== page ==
The rehabilitation of the Church, after many decades of suppression under communism, echoes in Russian foreign policy. The country has become more vocal about the plight of Christians in the Middle East, especially in Syria, where Russia’s ally, Bashar Assad, is fighting an uprising of mostly Sunni Muslims against his secular dictatorship.
When Putin informed parliament of the Crimean annexation in March, his speech contained various appeals to Russian nationalism and Orthodox mysticism, including citations of saints from the distant past.
“This was the culmination of years of increasingly unsubtle hints from Putin and his inner circle that what ideologically motivates this Kremlin is the KGB cult unified with Russian Orthodoxy,” according to Schindler.
Russia defended its role in Ukraine by arguing that Russian “compatriots” in the former Soviet republic were in danger from a new, pro-Western government.
Mark Galeotti, a New York University professor and Wikistrat analyst, argued at the time that Russian propaganda revealed “a growing belief in what we could call Russian exceptionalism, a belief that Russian civilization has a distinctive and unique place in the world and must be protected from homogenizing Western influence.”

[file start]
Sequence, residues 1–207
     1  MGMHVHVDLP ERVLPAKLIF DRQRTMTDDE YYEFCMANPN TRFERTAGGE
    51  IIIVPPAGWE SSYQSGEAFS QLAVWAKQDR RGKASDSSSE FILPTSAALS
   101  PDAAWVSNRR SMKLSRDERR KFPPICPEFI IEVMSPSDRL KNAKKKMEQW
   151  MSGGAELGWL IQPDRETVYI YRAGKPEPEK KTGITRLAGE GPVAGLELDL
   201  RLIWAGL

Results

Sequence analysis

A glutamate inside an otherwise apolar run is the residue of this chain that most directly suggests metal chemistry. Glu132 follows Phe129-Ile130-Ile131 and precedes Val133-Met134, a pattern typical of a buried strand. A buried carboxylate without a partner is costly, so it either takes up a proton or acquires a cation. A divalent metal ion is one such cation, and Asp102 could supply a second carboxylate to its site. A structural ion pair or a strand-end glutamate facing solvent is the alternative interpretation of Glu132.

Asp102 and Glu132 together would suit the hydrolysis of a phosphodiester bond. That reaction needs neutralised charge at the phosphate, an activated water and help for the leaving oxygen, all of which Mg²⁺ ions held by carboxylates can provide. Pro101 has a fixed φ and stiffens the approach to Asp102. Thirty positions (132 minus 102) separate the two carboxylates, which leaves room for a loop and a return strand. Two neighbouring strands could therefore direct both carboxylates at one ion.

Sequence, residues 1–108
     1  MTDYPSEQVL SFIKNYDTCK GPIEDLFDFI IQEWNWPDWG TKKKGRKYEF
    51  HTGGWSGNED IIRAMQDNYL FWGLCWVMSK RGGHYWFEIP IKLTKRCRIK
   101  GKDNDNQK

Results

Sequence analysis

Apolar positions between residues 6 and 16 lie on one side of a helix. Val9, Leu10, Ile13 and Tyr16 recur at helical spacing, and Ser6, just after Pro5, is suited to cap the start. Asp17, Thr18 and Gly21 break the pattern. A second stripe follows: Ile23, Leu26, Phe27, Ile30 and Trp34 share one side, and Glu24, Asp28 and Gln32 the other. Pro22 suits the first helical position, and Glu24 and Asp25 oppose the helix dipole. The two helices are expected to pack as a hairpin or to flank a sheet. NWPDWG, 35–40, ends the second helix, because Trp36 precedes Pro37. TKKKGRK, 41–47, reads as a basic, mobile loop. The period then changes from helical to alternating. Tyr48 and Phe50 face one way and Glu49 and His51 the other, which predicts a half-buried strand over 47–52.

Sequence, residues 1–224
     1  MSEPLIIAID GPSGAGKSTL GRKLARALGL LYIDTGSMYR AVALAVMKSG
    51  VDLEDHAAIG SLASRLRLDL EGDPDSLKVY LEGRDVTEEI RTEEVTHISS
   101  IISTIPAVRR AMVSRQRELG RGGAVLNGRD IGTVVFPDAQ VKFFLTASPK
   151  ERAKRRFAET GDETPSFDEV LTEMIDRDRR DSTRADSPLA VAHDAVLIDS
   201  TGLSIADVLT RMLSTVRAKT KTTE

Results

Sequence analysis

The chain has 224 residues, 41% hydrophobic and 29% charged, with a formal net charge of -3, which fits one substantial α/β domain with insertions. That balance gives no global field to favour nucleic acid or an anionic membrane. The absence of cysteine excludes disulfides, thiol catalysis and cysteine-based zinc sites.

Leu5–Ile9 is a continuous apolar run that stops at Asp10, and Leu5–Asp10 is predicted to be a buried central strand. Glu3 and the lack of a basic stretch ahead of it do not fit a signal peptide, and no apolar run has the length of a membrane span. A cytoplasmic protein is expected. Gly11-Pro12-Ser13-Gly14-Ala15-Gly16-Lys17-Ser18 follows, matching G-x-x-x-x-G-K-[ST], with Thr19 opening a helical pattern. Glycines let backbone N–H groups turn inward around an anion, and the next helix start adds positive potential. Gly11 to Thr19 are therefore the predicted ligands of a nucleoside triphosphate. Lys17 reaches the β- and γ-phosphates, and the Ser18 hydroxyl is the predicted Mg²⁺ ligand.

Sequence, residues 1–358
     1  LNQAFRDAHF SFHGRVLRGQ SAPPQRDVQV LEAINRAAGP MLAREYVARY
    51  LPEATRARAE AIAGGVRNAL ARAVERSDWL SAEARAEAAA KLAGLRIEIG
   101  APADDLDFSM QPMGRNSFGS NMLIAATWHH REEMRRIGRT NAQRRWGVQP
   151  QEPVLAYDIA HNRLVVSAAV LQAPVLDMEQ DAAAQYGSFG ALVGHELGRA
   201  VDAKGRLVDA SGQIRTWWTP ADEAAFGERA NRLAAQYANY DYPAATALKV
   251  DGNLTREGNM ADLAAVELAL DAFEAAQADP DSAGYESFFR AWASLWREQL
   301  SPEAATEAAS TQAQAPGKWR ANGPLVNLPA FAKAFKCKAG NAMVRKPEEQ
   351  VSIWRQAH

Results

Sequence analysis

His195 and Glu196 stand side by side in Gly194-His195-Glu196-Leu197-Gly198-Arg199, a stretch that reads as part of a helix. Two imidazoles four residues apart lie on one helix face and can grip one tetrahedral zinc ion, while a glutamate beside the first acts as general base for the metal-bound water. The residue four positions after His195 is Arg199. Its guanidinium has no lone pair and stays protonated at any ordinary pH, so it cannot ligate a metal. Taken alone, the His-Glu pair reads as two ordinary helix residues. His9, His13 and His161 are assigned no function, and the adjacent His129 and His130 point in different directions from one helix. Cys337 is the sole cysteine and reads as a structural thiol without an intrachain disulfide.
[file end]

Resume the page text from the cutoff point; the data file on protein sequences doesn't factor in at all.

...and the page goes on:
Where anti-Westernism was previously a means to an end — to rally public support for Putin’s policies — it became an end in itself, according to Galeotti.
But this also presented a problem, as the Atlantic Sentinel reported: Russia’s appeals to ethnic nationalism necessarily excluded the millions of non-ethnic Russians who live in the country and its “near abroad.”
This website predicted that Russia’s regional integration schemes, like the Eurasian Union, which is due to go into effect next year, were now more likely to be seen in neighboring countries as attempts to reconstruct the Soviet Union.
“The price of a prouder, stronger Russia may well be the defeat of Putin’s imperial ambitions,” we warned.